Be aware that you must go in person to the nearest police station to report any violent crimes or sexual assaults. The police report must be kept if you had property stolen for insurance purposes.

Falls From Height

As a result of falls from heights, including balconies, there have been a number of very serious accidents (some fatal). British nationals have been involved in a large number of these incidents, many of which have devastated the victims and their families.

safe travels in spain

Avoid taking unnecessary risks near balconies and other high places, especially if you are intoxicated or high. If you are discovered to be acting recklessly, you risk being kicked out of your hotel in some areas.

As soon as you get there, you should become familiar with the layout of your hotel and apartment building. If you’re staying in a room with a balcony, always heed the safety instructions of your hotel and/or tour operator and keep an eye out for friends who might be in danger.

Some local councils will find people who are found acting recklessly on balconies. If you were inebriated or under the influence of drugs or alcohol when the incident occurred, your travel insurance might not be able to compensate you.

Festivals And Concerts

If you’re going to a festival or major concert, be mindful of the local laws and customs and take extra precautions with your valuables.

Outdoor Activities

Swim in the sea with caution. Some beaches, particularly those near the Spanish Islands, might have powerful undercurrents. Most of them use a flag system. Make sure you are familiar with the procedure before swimming and heed any cautions (a red flag indicates that you should not enter the water).

If there aren’t any flags, signs, or lifeguards, you should be extra cautious. If there are jellyfish, heed local advice.

Swimming at beaches near rivers is not recommended. A dive into uncharted water should be avoided because it may contain hidden rocks or be dangerously shallow.

Be cautious when strolling along uninhabited beaches near the water because some waves can be unpredictable in size and come in farther than anticipated with strong undertows.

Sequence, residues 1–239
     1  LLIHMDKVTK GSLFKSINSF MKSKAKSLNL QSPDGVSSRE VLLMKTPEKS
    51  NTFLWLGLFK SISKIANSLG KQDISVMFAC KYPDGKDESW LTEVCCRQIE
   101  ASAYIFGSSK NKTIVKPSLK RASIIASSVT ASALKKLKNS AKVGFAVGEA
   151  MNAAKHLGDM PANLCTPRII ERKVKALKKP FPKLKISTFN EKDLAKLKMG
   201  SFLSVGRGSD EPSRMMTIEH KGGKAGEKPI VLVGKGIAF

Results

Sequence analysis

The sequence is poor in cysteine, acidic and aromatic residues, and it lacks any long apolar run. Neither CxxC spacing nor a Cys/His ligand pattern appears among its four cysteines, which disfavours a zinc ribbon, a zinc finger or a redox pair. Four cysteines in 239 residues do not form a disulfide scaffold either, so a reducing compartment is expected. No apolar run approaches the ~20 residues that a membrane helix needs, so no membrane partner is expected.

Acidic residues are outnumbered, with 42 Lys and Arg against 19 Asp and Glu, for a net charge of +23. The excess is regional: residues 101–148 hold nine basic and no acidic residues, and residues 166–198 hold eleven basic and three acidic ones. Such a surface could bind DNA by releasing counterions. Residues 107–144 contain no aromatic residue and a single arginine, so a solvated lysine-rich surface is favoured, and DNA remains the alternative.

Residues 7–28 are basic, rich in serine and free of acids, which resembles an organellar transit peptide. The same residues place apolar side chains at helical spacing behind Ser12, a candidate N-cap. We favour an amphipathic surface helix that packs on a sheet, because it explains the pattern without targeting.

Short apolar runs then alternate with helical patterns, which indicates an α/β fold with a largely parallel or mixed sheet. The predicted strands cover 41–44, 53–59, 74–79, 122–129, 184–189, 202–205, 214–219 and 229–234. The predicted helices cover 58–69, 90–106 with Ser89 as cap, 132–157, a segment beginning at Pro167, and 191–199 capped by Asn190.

Some regions of Spain experience very rapid temperature changes. When organizing a hike or stroll, exercise extra caution by checking the local weather reports for alerts of extreme heat or cold.

If you are involved in an accident while mountaineering, canoeing, potholing, or climbing, or if you get lost in the mountains or another area requiring mountain rescue, dial 112 for the emergency services or 062 for the Civil Guard.

Road Travel

Licenses And Documentation

In Spain, you must be 18 years old or older to operate a vehicle larger than a 125cc motorcycle, and you must be at least 16 years old to operate a smaller motorcycle up to 125cc. At all times, you must have a current driver’s license, proof of insurance, and identification.

Driving in Spain is permitted with a full, current UK driver’s license (provisional licenses are not accepted).

Always keep your certificate on hand if you are using UK insurance in case you are stopped. This certificate is typically only good for stays of under three months; if your stay will be longer, get in touch with your insurance provider.

Driving A British Car Abroad

Driving your car outside of the UK might require a UK sticker. In place of GB stickers as of September 28, 2021, are UK stickers.

Driving Regulations

Driving happens on the right. Driving regulations and traditions differ from those in the UK.

safe travels in spain

In the event of an accident or breakdown, you are required to carry two red warning triangles that must be placed 50 meters in front of and behind the vehicle, respectively. To change a wheel, you need a spare and the necessary tools.

Wearing a reflective vest is required at all times when leaving your car, whether it be for maintenance, an accident, or to wait for emergency services. Failing to do so could result in a steep fine.

Alcohol-related driving is prohibited in Spain. Police frequently conduct roadside drug and alcohol checks. There are severe fines, license revocation, and jail time as penalties.

For a number of traffic offenses, such as exceeding the speed limit, police may issue fines right away. The fine will be reduced by 50% if you accept it and pay it within 20 days.

All passengers in the front and back seats must wear seat belts. A child safety seat that has been approved must be used and the child must be in the back seat if they are under the age of 12 or 1.35m tall, as required by law.

Only when the rear seats are already occupied by other kids or when there are no rear seats in the car are kids allowed to ride in the front seat. When reserving the car, be sure to mention that you need a child seat so the rental car agency can provide one.

Both improper child seat installation and failure to buckle one’s seatbelt may constitute serious offenses that carry hefty fines.